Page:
You are watching: If the dot product of two nonzero vectors is zero
Ok. However why go we define the orthogonality this way?
The algebraic definition
Yet, over there is likewise a geometric definition that the dot product:
a • b = ‖a‖ * ‖b‖ * cosøwhich is multiply the length of the an initial vector v the size of the 2nd vector through the cosine that the angle between the two vectors.
And the angle between the two perpendicular vectors is 90°.
When us substitute ø v 90° (cos 90°=0), `a•b` i do not care zero.
I want more than simply a definition. Display me miscellaneous real?
Ok… then let me display you exactly how those two meanings (geometric and also algebraic) agree v each other through the Pythagorean theorem.
Below is a simple recap of the vector norm. They will certainly be supplied in widening Pythagoras theorem come n-dimensions.
The size of n-dimensional vectors
Now, think about two vectors <-1, 2> and also <4, 2>.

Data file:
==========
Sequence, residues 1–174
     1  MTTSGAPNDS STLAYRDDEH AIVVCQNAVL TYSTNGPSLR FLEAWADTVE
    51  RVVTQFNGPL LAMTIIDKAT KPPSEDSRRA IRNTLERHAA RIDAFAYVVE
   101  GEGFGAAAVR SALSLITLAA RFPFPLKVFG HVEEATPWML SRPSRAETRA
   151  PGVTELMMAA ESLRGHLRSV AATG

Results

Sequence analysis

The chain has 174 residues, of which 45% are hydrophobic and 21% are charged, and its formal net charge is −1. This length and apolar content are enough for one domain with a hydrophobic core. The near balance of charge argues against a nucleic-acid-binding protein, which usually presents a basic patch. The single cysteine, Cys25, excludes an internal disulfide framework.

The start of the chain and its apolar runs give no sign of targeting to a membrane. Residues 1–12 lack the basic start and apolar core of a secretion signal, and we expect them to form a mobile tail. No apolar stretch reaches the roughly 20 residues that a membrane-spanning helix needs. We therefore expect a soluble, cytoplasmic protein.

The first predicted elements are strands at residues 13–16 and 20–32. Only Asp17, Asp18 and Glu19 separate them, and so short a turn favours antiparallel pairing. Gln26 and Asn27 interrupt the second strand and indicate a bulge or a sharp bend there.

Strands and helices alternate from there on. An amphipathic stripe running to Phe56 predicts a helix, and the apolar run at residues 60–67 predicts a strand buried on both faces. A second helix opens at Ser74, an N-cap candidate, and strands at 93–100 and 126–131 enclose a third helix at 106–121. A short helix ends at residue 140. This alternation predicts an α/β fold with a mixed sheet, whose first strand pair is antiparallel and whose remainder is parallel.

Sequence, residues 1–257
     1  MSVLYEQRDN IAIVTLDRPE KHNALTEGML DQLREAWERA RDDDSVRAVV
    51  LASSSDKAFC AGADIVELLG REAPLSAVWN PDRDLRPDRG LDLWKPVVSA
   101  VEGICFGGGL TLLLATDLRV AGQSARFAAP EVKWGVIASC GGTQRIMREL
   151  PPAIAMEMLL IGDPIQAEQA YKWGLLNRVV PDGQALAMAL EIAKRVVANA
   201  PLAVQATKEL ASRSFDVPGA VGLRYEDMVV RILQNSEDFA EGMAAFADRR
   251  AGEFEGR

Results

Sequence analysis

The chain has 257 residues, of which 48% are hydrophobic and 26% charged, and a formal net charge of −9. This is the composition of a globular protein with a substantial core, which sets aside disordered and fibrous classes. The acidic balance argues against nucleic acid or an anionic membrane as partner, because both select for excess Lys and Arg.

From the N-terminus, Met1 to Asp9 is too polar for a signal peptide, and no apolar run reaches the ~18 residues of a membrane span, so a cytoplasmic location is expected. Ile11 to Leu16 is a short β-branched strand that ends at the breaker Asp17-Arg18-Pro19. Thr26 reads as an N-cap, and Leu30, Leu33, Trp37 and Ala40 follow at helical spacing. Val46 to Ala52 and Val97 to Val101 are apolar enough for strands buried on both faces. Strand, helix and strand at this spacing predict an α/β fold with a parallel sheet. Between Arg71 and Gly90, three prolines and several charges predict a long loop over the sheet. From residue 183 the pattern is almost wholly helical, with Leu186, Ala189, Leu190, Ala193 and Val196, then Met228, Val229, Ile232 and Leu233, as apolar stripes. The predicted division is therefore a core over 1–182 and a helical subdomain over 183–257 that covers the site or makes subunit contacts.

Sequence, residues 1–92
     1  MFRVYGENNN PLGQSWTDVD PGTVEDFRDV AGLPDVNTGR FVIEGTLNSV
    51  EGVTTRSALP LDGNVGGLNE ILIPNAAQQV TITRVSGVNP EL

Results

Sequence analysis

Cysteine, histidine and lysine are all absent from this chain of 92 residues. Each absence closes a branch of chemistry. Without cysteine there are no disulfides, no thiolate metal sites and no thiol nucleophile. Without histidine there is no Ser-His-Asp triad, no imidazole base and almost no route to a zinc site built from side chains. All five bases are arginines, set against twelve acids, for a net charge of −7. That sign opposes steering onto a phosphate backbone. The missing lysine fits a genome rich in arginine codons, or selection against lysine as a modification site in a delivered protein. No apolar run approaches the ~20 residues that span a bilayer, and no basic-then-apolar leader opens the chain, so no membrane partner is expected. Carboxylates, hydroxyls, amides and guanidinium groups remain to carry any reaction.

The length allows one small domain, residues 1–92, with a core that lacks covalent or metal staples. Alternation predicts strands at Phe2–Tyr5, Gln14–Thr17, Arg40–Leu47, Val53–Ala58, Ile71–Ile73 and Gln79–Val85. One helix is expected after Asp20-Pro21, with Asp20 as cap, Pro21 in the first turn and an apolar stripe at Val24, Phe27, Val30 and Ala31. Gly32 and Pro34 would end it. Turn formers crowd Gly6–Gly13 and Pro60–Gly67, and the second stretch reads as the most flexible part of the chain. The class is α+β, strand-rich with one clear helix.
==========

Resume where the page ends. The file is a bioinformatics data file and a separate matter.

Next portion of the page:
Algebraically, <-1, 2> • <4, 2> = -4 + 4 = 0.
Applying the length formula ② to the Pythagorean theorem:
We can expand Pythagorean theorem to n-space.
Geometrically, you can see they room perpendicular together well.
Orthogonality displayed algebraically and geometrically.
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The geometric an interpretation matches through the algebraic definition!
A pop Quiz:
Orthogonal vectors are linearly independent. This sound obvious- yet can you prove it mathematically?
Hint: You can use two definitions. 1) The algebraic definition of orthogonality2) The meaning of direct Independence: The vectors V1, V2, … , Vn room linearly live independence if the equation a1 * V1 + a2 * V2 + … + one * Vn = 0 can only be satisfied through ai = 0 for every i.
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